I am Mitsuo Kawato, the President of XNef, Inc.
There has been no major progress in psychiatry for 30 years, and psychiatric disorders are at the top of the DALY (*1) list. This is largely because diagnosis is based on subjective evaluation of symptoms alone. This non-objective approach does not allow quantitative assessment of patient conditions. Worse still, treatment is generally biased toward medications, even though life-long drug treatment is ineffective for most patients. There have been no mega-blockbuster drugs in the last three decades.
Advances in treatments have been stymied by the inability to objectively identify patients for whom a drug is effective. Drug discovery "clinical trials" (*2) often recruit different types of patients for targeted diseases. Many clinical trials fail due to this failure to quantify drug efficacy, the heterogeneous patient populations selected, and diagnostic noise.
This situation has led many mega-pharmaceutical companies to withdraw from drug discovery for psychiatric drugs, and global investment in psychiatric drug development has declined. Furthermore, there is often disagreement among neurobiologists about the mechanism by which a drug improves a condition. To address the current difficulties, it will be necessary to develop and apply:
- biological definitions of disease
- objective, non-invasive measurements for diagnosis
- neuroscientific support for drug development
- innovative therapeutic techniques based on non-drug neuroscience.
We at the ATR Brain Information Communication Research Laboratory Group, supported by the Japan Agency for Medical Research and Development and other organizations, have labored for 20 years to combine neuroscience research and artificial intelligence (AI) technologies to solve these problems. Finally, we have entered the stage of commercialization. XNef, Inc. was established to address these challenges by combining AI technology and brain science and by applying them to results obtained from national public medical care programs supported by MEXT and AMED. The name, XNef, is derived from a combination of DecNef (decoded neurofeedback) and FCNef (functional connectivity neurofeedback). XNef is pioneering a new generation of feedback therapy and corresponding data-driven biomarkers.
Specifically, our first goal is to analyze resting-state functional connectivity data from functional magnetic resonance imaging (fMRI) measurements of thousands of patients, using artificial intelligence technology to identify biological markers of brain disease networks so as to achieve disease diagnosis. Second, we use AI technology to analyze rs-FC to identify patient subtypes (*3) within individual diseases. This enables us to objectively identify groups of patients for whom a particular drug is effective and to develop a practical system to determine the most appropriate treatment for each patient. It further allows us to devise clinical development support technology that identifies and recruits appropriate patient subtypes, leading to successful clinical trials. Third, we will develop innovative therapies through decoded and functional connectivity neurofeedback.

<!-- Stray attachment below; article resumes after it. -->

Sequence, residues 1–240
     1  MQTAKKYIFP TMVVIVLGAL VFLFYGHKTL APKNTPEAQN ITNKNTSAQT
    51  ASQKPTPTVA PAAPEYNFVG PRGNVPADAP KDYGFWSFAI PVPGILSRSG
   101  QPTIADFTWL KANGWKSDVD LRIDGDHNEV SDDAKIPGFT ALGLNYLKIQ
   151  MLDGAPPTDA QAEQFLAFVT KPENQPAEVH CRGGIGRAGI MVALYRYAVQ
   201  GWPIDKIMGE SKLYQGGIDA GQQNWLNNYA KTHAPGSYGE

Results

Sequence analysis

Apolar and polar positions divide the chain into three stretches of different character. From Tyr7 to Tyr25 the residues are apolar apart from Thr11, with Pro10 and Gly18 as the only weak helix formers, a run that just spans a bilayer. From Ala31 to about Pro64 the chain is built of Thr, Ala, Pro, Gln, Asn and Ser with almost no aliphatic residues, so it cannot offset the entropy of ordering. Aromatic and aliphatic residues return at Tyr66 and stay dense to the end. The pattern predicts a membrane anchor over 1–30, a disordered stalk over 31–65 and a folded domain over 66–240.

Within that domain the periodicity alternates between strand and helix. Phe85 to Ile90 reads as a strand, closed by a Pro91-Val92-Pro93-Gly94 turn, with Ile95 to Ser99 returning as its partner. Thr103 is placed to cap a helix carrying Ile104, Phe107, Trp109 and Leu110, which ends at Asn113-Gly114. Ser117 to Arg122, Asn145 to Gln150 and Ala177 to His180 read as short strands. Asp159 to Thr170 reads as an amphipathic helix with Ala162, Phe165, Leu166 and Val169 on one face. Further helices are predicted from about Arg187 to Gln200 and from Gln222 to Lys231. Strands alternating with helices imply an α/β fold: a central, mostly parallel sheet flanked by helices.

To contribute to society, XNef is now constructing a diagnostic assistance network system that links MRI machines in many medical institutions with XNef's servers to provide diagnostic assistance services. Furthermore, XNef can provide clinical development support services to pharmaceutical companies that combine patient stratification and objective evaluation systems for drug efficacy. In the future, we will establish a system of clinically tested neurofeedback-based therapies at participating medical institutions to improve patient quality-of-life.
XNef, Inc. will develop patient-friendly medical technology that uses neuroscience and AI to overcome psychiatric disorders.
- (*1) DALY (disability-adjusted life year) is an overall measure of disease burden. It represents the number of years that a patient loses due to morbidity, disability, and premature death, combining mortality and morbidity into a single common measure.
- (*2) A "clinical trial" is a clinical test conducted to obtain approval under the Pharmaceutical and Medical Device Act for manufacture and sale of a drug or medical device. For drugs, clinical trials are often conducted in three phases. Phase I trials involve healthy adults who voluntarily participate in the study. Phase II evaluates the efficacy, safety, and pharmacokinetics of a drug in a small number of patients with relatively mild disease. Phase III is a larger scale study with the primary goal of verifying efficacy and safety in patients who will actually use the drug once it is commercially available.
- (*3) It is generally believed that a mental illness, even when called by one name, is not a single illness, but rather a collection of illnesses. These are called subtypes ("subcategories") of a single illness.